So basically what you're saying is that it would be wise for physicians to explore the spirituality or the religious beliefs of their patients.
I think so, because I can remember times when I would be sitting with a patient and they would tell me amazing stories about dreams they had. One woman had an extraordinary spiritual experience going to visit the grave of her daughter, who had been killed at the age of 12. She met her daughter, who told her, "It's OK, I'm OK." The experience transformed the woman's life. She sat in my exam room and said, "I have never told this to anyone else before. I was sure they would think I was crazy."
My own sister was killed in a car accident when she was 23. My mother found herself in the driveway of a woman who had a spiritualist church in Buffalo, New York. My mother said it was as if her car just went there of its own accord, drove her to the woman's house, where the woman starts to channel someone named Dr. Andre who tells her all about what was going on in the car when my sister was killed. It was extraordinarily helpful to all of us. Did we make it up? Was this minister a charlatan? I don't think so, because she knew things that were too accurate.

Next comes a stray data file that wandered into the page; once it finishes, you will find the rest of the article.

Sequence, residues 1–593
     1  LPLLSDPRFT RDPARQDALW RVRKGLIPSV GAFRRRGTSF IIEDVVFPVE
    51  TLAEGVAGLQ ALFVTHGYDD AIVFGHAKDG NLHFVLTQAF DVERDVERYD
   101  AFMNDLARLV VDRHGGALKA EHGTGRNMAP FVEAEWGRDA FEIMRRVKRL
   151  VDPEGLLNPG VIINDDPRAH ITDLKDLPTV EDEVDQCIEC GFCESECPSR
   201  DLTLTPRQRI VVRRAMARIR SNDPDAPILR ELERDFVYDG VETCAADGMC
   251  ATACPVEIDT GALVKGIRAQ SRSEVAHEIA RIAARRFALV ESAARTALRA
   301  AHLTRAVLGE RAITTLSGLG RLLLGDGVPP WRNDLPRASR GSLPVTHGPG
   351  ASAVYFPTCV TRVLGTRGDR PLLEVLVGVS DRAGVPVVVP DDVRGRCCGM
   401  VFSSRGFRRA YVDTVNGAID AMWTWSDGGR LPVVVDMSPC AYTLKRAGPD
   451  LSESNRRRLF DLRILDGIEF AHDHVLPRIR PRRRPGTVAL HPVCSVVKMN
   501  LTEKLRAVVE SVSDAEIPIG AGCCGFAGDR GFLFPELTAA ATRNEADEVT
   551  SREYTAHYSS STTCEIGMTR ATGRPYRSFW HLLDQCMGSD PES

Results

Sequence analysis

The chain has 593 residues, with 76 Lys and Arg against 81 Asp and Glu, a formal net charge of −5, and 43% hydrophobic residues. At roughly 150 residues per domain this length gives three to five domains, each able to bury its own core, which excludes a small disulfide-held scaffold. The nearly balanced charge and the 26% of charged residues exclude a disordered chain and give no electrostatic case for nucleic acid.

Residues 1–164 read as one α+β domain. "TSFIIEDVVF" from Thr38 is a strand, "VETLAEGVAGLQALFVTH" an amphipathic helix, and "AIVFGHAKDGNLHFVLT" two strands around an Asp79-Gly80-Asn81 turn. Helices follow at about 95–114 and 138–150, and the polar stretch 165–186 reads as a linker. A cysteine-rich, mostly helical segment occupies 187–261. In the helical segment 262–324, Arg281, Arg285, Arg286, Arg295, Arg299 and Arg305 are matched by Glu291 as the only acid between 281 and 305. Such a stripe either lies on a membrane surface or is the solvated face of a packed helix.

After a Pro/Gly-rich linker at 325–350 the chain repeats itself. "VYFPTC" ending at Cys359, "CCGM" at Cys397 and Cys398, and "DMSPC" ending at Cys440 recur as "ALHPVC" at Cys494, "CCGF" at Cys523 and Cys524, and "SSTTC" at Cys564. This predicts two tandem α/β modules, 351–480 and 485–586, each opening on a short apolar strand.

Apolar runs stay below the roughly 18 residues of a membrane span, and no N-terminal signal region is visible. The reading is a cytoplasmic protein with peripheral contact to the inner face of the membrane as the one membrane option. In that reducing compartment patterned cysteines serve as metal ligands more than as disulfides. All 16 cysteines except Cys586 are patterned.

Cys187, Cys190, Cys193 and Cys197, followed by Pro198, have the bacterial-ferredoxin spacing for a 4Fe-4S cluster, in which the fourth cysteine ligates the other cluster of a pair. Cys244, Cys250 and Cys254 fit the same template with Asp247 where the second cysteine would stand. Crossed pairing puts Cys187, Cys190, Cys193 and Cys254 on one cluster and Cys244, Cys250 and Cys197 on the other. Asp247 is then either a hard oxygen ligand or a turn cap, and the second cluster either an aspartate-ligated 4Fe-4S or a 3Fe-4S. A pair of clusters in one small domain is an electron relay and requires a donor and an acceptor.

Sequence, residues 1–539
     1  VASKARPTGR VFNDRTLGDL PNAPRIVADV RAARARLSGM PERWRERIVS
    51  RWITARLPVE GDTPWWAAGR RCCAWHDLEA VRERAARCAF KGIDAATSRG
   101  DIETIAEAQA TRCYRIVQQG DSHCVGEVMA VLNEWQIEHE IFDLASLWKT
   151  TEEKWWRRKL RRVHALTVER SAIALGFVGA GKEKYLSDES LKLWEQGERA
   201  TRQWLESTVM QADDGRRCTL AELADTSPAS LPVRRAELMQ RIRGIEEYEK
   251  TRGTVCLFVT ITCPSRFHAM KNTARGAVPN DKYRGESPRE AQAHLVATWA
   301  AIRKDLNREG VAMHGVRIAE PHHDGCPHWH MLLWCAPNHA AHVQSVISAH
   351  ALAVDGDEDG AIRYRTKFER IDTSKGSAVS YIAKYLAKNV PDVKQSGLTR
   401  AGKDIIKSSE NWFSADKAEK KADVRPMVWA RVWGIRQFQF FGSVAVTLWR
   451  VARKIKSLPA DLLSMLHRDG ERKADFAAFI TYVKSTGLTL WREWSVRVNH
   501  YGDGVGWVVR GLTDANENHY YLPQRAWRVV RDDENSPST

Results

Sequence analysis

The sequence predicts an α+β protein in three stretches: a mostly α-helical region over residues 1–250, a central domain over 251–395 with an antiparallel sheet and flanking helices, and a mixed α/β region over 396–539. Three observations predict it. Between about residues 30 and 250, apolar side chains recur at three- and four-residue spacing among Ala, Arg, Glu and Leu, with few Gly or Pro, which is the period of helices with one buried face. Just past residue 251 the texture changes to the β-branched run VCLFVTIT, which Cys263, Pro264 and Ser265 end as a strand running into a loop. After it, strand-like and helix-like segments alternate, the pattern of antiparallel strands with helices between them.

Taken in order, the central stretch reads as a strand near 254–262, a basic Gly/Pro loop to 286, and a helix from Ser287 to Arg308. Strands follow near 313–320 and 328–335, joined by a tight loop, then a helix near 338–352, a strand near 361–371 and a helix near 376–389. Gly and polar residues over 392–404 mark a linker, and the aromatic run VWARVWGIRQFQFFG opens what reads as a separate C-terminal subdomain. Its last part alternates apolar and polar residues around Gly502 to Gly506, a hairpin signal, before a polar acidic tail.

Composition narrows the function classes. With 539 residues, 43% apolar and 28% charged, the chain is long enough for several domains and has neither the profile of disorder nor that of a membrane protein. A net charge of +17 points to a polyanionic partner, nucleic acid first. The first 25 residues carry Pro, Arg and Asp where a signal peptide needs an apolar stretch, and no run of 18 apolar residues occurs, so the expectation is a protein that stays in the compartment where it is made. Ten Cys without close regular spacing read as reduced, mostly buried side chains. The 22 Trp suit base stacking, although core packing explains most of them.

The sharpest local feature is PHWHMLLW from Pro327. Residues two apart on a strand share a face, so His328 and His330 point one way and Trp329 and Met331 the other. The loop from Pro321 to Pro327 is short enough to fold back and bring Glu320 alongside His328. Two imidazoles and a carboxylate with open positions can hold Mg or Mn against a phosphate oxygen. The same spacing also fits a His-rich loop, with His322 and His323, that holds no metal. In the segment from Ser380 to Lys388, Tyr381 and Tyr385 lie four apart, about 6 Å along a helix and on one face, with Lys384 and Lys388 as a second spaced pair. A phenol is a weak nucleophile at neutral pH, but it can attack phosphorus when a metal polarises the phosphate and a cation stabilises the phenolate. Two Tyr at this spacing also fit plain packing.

I also work with Dr. Mona Lisa Schultz, who is a neuropsychiatrist and the preferred provider for Blue Cross/Blue Shield for the entire state of Maine for head injury and mental retardation. She also happens to be a medical intuitive, and so knowing only someone's name and age--they can be anywhere in the world--she can do a reading on their body and what's going on with their health. Her accuracy is astounding. So, I work within that reality all the time.
I have listened to women's stories for over 20 years, and whenever I read a book or listen to a patient or a speaker, it is the story that moves me. I've noticed that in our culture, women are encouraged not to tell the whole story. What we tell is the pieces that we think are socially acceptable.